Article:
Auē, by Becky Manawatu.
Auē is Maori for sorrow or woe, and it concerns the ‘haves’ and ‘have-nots’ in this superb novel – a description that doesn’t apply to material things, but to the most important need of all: the need to love and belong together, a need that dominates everyone’s life, and the vengeance wreaked by those who lack it. Or deserve it.
Each chapter lets a different character tell the story, which starts with the fatal accident suffered by seventeen-year-old Taukiri’s foster parents. Completely unmanned by the tragedy, he delivers his eight-year-old brother to his Aunty Kat and his Uncle Stu; they have a farm in Kaikoura; it should be a neat place for Arama to live – you know, cows, sheep etc. He’ll be right in time, Taukiri tells himself, while he goes to Wellington to search for his Hoe-Bag birth mother. Yeah, right. As if! Nope – Tauk’s going to get a job, find a place to live and eventually the great gaping hole in his soul will close over and he will be healed.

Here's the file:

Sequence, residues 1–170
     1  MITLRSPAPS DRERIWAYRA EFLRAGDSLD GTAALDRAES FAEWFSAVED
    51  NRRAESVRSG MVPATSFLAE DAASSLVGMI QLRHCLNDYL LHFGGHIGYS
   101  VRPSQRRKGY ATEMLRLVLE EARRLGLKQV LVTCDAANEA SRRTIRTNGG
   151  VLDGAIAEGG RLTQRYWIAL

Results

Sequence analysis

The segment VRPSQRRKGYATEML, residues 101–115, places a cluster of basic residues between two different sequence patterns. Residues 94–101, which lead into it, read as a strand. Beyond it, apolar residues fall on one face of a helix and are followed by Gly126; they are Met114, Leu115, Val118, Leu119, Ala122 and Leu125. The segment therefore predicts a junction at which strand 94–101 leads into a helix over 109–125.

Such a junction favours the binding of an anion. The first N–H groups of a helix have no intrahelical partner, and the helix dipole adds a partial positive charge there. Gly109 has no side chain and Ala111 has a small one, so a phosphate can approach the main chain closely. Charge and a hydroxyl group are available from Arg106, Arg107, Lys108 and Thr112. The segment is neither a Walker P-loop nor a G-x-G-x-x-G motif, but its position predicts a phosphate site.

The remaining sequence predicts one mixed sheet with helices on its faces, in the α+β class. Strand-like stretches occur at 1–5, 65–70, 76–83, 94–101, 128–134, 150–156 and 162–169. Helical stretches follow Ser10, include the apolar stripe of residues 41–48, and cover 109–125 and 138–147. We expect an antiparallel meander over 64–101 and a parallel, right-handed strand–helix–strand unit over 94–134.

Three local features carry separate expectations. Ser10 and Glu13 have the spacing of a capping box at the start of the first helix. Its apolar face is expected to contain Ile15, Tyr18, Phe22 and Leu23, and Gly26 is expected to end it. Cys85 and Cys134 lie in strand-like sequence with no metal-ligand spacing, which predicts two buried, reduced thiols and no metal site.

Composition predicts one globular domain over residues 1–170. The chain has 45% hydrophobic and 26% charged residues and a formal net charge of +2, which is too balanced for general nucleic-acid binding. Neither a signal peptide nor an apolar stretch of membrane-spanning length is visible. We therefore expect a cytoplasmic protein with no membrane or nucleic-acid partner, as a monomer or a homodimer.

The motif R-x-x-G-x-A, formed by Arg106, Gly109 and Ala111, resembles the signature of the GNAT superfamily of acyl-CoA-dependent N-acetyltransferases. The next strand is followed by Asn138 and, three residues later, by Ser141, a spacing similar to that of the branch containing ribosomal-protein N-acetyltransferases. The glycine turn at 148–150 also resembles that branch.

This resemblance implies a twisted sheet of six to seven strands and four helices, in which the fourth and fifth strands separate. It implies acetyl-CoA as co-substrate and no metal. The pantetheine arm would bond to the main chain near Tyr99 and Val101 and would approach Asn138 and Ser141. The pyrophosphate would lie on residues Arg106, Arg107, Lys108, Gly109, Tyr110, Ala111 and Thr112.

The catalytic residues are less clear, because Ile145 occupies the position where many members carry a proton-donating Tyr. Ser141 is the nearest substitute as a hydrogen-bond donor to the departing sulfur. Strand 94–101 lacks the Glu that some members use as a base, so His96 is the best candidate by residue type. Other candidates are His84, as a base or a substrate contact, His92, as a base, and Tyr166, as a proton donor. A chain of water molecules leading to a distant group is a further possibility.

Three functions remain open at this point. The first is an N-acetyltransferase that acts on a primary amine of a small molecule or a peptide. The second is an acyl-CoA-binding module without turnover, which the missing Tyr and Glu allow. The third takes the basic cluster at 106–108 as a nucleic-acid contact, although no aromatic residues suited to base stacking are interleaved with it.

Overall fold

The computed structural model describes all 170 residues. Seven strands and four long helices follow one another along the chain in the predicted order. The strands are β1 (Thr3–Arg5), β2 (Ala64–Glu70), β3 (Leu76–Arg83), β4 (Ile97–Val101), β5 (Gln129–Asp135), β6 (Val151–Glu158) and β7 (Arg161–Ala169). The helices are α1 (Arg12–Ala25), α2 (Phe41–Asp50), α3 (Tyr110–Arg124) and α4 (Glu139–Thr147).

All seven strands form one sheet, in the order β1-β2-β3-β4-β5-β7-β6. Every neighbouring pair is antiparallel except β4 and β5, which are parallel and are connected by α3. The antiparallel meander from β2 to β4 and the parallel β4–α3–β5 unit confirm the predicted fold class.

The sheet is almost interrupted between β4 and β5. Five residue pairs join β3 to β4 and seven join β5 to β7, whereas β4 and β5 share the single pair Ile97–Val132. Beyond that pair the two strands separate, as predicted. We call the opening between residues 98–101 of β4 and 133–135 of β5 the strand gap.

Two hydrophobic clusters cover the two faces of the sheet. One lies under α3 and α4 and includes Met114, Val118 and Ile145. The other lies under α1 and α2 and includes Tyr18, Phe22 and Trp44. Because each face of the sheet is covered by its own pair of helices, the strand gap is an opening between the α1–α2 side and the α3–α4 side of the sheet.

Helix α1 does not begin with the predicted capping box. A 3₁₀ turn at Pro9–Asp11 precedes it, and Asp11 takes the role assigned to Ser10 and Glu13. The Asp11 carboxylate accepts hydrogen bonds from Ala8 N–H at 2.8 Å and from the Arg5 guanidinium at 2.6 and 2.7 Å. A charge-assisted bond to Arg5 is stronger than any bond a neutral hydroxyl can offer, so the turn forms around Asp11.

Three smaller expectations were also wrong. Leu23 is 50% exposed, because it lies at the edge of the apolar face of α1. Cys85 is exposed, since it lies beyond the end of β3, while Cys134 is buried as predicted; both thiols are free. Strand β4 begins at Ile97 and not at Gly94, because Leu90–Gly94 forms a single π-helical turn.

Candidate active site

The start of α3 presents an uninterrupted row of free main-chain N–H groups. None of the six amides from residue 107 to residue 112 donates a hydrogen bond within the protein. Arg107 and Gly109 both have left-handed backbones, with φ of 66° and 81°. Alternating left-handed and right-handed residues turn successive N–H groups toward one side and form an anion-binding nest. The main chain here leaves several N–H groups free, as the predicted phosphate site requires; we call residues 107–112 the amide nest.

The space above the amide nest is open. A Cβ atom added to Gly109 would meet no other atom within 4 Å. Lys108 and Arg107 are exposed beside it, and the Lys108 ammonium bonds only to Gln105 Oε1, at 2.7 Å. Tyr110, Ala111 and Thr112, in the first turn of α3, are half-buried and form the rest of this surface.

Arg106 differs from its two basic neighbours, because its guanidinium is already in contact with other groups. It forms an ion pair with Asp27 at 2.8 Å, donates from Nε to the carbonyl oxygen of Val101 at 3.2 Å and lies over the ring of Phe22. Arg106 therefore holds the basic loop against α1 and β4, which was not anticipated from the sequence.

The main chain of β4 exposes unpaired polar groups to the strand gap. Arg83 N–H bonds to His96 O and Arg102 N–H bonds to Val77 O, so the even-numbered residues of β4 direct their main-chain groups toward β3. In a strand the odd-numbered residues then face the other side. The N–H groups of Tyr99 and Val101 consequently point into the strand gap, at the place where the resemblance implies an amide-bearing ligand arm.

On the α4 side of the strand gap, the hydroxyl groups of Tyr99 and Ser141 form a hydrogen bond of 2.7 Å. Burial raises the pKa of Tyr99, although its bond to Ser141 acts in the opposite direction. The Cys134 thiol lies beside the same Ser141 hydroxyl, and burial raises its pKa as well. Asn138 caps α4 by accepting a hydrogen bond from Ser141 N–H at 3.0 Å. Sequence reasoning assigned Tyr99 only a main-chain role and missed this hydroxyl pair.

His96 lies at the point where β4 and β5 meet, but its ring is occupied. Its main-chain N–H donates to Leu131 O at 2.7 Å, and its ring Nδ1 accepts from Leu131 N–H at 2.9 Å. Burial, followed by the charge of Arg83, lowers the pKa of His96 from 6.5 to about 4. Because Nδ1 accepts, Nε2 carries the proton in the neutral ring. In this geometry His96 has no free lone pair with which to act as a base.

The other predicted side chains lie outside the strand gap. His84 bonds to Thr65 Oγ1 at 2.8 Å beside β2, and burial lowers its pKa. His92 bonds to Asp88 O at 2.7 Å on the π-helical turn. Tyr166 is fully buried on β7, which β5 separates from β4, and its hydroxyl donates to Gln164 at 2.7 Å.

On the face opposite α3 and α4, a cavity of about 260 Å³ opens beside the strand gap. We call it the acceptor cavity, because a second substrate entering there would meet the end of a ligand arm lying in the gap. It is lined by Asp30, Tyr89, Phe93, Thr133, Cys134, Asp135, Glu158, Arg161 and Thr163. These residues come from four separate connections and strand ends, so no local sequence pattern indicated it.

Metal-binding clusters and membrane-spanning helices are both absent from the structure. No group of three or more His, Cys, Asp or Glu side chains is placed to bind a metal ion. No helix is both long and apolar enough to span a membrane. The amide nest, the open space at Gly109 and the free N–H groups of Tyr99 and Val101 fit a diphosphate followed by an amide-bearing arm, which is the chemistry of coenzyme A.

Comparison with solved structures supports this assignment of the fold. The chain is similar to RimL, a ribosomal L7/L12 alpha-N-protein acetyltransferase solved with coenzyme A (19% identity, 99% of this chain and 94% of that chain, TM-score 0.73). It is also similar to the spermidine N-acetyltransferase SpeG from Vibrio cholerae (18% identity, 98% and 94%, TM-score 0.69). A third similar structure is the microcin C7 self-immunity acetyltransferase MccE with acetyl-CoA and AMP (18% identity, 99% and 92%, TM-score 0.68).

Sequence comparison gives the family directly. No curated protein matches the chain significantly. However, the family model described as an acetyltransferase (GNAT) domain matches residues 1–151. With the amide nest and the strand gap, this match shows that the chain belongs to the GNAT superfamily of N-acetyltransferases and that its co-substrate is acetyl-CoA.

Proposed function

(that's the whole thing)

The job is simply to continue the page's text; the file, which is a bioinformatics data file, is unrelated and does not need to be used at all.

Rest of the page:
In a perfect world.
Real life doesn’t turn out so conveniently: Tauk ends up busking (he’s a great guitarist, a natural, like his dad) and it’s not long before he chums up with Elliot, another busker who has access to all kinds of memory-deadening ‘medications’: fortunately, Elliot has a sister who looks out for them both so he hasn’t hit rock-bottom – yet.
Meantime, Arama isn’t happy in his new home. Aunty Kat is not happy either, because Uncle Stu is a bully and gives her black eyes and bruises whenever he feels like it; he even smashed Arama’s All–Blacks lunchbox just because it was there. He’s a W.A.N.K.E.R. (Sorry mum, for the swear.) If it weren’t for Beth, who lives on the neighbouring farm with her Dad Tom Aiken and dog Lupo, he would be very sad indeed. Oh Tauk, can’t you come and get me? Where do I belong? Who do I belong to now?
The story is also traced of Taukiri’s ‘hoebag’ birth mother Jade and his fisherman father Toko. Jade was born into a gang and has never been able to escape – until she met Toko, who rescued her from The House where she was born and degraded; he is her saviour – her everything: she could never live without him. Until the gang comes looking, and she finds that she has to.
This is a singular work, a poignant and beautiful story that should rightly become a kiwi classic. Ka pai, Ms Manawatu! SEVEN STARS!